A Bethesda Beat article featuring our community meeting

A Bethesda Beat article featuring our community meeting

From Bethesda Beat

Elrich seeks developer to build White Flint life sciences, tech campus

Montgomery County Executive Marc Elrich envisions a mix of bioscience companies, startups, technology companies and a university presence near the White Flint Metro station. But first, he needs to find a lead developer, he said.

Elrich described what he has in mind to more than 100 people who attended a virtual meeting Thursday night. The nonprofit organization Friends of White Flint, which advocates for the White Flint/Pike District, hosted the forum.

Elrich said the county has entered a memorandum of understanding with the Washington Metropolitan Area Transit Authority (WMATA) to develop land adjacent to the Metro station.

Elrich said the area is “perfectly positioned” for growth in life sciences and technology due to the site being close to federal agencies such as the National Institutes of Health, as well as its accessibility due to proximity to Metro’s Red Line and the Beltway.

“We’ve got the land. We’ve got the transportation. We’ve got the industry … and I’m willing to drive purpose-driven development,” he said.

Elrich said a focus on the life sciences and computing industries will help with job growth, which has been lacking in recent years compared to the Northern Virginia suburbs.

“In Montgomery County, we’ve been in a 10-year stall where virtually no jobs are coming to the county. And if you don’t have jobs, you’re not gonna get any housing built,” he said. “There aren’t people demanding housing. … And so, if we’re gonna get both of those things unstuck, we need to do something deliberate.”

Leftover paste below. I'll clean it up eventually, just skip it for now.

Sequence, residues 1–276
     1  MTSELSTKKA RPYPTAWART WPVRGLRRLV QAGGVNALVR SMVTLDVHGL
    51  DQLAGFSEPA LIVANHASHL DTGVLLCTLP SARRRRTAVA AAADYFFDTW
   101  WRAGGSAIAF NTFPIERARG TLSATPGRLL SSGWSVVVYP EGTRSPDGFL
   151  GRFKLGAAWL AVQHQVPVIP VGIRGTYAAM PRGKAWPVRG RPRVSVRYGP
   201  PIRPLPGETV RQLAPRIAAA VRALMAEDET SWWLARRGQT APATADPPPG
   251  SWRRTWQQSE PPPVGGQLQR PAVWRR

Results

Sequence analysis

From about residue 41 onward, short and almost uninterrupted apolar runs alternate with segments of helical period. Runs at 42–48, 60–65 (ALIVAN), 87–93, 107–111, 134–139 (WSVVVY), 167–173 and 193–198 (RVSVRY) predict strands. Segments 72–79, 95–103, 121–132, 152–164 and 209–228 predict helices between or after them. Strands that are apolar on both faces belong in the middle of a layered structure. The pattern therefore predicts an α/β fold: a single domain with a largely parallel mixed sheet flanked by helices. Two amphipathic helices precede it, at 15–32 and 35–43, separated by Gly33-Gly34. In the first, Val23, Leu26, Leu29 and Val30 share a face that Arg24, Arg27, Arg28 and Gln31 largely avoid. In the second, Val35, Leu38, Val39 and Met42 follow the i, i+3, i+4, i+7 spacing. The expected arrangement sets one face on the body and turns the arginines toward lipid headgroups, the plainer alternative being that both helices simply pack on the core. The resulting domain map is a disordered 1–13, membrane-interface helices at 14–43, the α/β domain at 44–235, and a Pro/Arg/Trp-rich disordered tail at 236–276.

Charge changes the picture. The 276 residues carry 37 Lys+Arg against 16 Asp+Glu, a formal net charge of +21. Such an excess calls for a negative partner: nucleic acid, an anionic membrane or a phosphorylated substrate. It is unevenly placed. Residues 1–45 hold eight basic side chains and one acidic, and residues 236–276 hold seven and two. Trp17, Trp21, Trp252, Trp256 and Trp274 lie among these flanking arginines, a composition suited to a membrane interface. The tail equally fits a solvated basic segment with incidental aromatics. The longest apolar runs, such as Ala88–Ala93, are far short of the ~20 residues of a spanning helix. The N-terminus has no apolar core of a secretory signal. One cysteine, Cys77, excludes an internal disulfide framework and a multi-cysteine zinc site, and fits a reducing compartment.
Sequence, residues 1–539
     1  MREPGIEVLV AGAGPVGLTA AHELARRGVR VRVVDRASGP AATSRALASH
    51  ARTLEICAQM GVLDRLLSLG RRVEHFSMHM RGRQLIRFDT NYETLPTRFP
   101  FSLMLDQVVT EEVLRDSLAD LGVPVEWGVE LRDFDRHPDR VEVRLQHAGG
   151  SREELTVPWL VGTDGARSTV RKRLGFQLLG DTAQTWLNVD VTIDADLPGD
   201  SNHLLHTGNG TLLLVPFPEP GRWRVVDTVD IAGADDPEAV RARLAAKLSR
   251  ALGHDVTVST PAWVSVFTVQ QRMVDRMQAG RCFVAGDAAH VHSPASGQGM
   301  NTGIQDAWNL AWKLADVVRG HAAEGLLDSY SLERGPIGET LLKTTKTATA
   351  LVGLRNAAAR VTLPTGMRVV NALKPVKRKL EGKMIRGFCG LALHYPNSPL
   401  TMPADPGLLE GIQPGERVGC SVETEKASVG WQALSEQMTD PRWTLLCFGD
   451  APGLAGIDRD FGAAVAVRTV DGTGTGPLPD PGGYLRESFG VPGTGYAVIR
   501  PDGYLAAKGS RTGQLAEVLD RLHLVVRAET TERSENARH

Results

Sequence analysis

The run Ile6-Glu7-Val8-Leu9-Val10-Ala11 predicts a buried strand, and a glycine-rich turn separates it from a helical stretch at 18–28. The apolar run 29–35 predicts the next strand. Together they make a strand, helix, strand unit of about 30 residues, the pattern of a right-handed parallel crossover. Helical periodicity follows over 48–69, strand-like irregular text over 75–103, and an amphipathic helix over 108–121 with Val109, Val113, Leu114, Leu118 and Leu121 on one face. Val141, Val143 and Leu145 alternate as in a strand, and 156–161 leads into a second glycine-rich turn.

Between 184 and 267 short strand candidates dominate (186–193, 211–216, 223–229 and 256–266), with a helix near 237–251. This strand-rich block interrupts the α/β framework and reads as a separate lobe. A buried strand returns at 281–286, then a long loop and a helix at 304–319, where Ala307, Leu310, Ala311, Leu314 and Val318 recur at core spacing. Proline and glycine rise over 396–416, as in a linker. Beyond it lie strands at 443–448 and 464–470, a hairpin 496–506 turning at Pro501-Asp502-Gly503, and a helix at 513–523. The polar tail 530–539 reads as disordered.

Elrich said he is concerned about the net loss of private business in the county, as well as the fact that fewer people age 25 to 44 are choosing to live here.

“None of these are a good trajectory to be on,” he said.

Elrich said the aim is to ensure businesses that offer high-paying jobs come to the corridor.

“I do not need more minimum-wage jobs in Montgomery County. That is not gonna foster a lot of economic growth. It’s not gonna foster people who have the incomes who can live in the apartments that will be built,” he said.

When asked about potential tenants for the area, Elrich said he first needs to send a proposal to a developer. He said he is not sure of the timeline for getting a developer, but said it could potentially happen in six months.

“Unfortunately, I don’t control markets, but everybody tells me there’s interest. And I’m not talking about people I know casually. I mean, developers have said flat out there’s an interest in being here. So that to me is encouraging,” he said.

Elrich said three universities “expressed interest” in being partners for the project, but he did not say which ones. He said he is getting ready to talk with representatives with one of the universities for the fourth time.

Asked about the future held for the former White Flint Mall site, Elrich first said, somewhat lightly, “you’ll have to talk to Alan Gottlieb,” referring to the chief operating officer of Lerner Enterprises, an owner of the former mall site.

Elrich then added more seriously that he doesn’t see Gottlieb “sitting on the sidelines.”

“I’m sure that he’s talking to people who’ve been talking to people and is aware that there is a growing interest in life sciences for that area. And he is rather uniquely positioned in the sense that he has a boatload of land that he can configure,” Elrich said.

Amy Ginsburg

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